Recently, David Hockney, often described as the "world's most popular artist," has made headlines not with his own work but with his sensational and controversial theories about how some of Western art's famous masterpieces—paintings by artists such as da Vinci, Caravaggio, Velázquez, and Van Eyck—were actually created. A chance observation of a drawing in London's National Gallery led Hockney to ask, "How was this done?"
His answer led to fascinating insights into the history of art: that many of the world's most revered artists used mirrors and various optical devices—such as the camera obscura—to project images onto their canvasses and then "traced" the scenes. Hockney's radical speculations have prompted both astonishment and outrage from prominent art historians and museum directors worldwide. The debate aside, Secret Knowledge offers readers the exhilarating opportunity to see the Old Masters afresh—through the eyes of a living master.
In Secret Knowledge, hundreds of paintings are reproduced in stunning color plates, and many are discussed in close and accessible detail. Hockney's own drawings and photographs illustrate how artists would have used the technology available to them in rendering their subjects. Extracts from historical and modern documents provide further evidence while correspondence between Hockney and an impressive array of international art historians, curators, and scientists details both the evolution of his theory and the furor that has erupted over it.
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British painter David Hockney, well known for his cool and lovely paintings of California pools, has taken on the new role of detective. For two years Hockney seriously investigated the painting techniques of the old masters, and like any admirable sleuth, compiled substantial evidence to support his revolutionary theory. Secret Knowledge is the fruit of this labor, an exhaustive treatise in pictures revealing clues that some of the world's most famous painters, Ingres, Velázquez, Caravaggio (just to mention a few) utilized optics and lenses in creating their masterpieces. Hockney's fascination with the subject is contagious, and the book feels almost like a game with each analysis a "How'd they do that?" instead of a whodunit. While some may find the technical revelation a disappointment in terms of the idea of genius, Hockney is quick to point out that the use of optics does not diminish the immensity of artistic achievement. He reminds the reader that a tool is just a tool, and it is still the artist's hand and creative vision that produce a work of art. (296 pages, 460 illustrations, 402 in color.) --J.P. CohenAbout the Author:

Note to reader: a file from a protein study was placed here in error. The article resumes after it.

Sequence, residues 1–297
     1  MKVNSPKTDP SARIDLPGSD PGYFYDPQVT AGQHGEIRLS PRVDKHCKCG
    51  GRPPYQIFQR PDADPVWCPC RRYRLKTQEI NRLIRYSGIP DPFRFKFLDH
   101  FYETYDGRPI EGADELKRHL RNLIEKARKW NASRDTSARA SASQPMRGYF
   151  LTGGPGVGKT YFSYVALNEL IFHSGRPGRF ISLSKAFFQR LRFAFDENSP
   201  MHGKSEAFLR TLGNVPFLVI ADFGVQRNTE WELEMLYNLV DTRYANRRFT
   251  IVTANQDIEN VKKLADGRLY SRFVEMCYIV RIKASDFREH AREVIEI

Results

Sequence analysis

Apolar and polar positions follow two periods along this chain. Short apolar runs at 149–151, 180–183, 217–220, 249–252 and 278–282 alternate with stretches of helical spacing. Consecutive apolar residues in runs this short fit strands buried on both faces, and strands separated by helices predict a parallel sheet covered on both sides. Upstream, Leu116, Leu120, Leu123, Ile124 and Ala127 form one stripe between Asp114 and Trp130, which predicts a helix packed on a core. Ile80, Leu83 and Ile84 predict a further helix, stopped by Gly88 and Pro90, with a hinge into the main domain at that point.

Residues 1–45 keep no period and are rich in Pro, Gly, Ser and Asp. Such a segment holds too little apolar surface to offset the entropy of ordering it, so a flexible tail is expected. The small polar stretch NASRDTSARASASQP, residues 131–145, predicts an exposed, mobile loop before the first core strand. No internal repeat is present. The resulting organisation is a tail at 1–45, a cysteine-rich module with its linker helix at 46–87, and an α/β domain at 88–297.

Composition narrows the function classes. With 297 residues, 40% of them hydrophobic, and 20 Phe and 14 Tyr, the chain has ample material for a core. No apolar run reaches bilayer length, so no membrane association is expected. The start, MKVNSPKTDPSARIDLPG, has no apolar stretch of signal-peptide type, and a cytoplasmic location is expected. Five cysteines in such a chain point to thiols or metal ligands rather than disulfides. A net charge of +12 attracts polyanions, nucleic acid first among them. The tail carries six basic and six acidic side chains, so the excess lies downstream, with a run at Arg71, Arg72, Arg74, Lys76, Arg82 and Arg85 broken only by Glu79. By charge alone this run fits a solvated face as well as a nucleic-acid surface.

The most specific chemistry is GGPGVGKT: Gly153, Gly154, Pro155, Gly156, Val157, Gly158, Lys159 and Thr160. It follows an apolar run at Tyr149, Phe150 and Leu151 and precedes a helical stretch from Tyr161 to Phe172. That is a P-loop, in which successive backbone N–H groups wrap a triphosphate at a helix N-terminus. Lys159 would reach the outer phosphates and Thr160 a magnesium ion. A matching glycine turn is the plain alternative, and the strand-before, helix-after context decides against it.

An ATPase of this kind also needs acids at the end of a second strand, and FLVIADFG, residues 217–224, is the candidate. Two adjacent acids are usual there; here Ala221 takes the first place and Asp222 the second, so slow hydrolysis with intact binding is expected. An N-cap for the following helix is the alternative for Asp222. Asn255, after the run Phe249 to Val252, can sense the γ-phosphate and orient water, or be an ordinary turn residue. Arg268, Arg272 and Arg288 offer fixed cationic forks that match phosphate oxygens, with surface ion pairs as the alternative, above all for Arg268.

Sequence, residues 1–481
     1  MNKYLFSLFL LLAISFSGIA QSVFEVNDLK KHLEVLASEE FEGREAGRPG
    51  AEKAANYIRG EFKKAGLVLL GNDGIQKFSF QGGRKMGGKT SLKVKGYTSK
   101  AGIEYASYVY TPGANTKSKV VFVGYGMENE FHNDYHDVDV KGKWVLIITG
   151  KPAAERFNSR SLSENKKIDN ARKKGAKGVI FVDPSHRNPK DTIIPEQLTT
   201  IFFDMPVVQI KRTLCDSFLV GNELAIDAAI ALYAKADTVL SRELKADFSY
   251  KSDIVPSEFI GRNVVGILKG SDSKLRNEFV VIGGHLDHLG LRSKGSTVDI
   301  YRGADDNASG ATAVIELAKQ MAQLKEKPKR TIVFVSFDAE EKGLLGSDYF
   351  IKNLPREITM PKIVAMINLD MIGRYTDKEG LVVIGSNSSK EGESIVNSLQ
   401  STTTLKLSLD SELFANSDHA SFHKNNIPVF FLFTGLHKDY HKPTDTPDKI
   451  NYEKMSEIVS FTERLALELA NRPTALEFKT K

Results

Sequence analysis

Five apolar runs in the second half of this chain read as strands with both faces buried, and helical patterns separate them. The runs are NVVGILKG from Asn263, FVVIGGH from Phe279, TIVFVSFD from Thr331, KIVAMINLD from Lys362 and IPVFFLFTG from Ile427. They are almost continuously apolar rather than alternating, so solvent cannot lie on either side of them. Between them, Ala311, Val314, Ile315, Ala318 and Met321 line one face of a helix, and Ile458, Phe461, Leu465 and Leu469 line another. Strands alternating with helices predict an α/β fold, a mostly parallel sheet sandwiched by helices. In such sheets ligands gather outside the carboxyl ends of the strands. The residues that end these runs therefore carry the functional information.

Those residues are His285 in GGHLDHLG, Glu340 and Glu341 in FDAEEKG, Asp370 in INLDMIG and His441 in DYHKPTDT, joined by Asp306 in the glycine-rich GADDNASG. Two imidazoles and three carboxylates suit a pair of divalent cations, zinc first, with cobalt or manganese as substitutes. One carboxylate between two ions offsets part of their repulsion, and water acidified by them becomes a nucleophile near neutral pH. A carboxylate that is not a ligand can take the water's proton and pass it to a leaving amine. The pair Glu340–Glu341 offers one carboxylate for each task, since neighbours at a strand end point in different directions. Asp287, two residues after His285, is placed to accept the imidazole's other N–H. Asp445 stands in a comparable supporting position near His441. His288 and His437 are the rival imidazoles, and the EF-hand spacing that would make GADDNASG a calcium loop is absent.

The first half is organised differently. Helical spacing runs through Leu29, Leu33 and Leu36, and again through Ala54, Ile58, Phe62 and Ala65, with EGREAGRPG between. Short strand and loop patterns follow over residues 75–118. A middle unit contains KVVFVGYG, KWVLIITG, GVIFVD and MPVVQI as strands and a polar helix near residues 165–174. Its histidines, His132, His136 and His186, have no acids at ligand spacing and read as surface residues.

David Hockney was born in England in 1937 and studied at the Royal College of Art. He achieved international acclaim by his mid-twenties as part of the pop art movement and has gone on to become one of the best known artists of his generation.
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Descripción Viking Studio, 2001. Hardcover. Estado de conservación: New. Never used!. Nº de ref. de la librería P110670030260
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Descripción Viking Studio, 2001. Hardcover. Estado de conservación: New. 1. Nº de ref. de la librería DADAX0670030260
Descripción Viking Studio, 2001. Hardcover. Estado de conservación: New. book. Nº de ref. de la librería M0670030260
Descripción Viking Studio, 2001. Hardcover. Estado de conservación: New. Brand New!. Nº de ref. de la librería VIB0670030260
Descripción Viking Press, NY, 2001. Hardcover. Estado de conservación: New. Estado de la sobrecubierta: New. First Edition. NEW BOOK and DJ, now with new Mylar protection. // Hardcover, 296 pages, illustrated. // Tiny black stripe on bottom page edges with no damage to contents of book, and invisible when book is either held or shelved. Nº de ref. de la librería 007455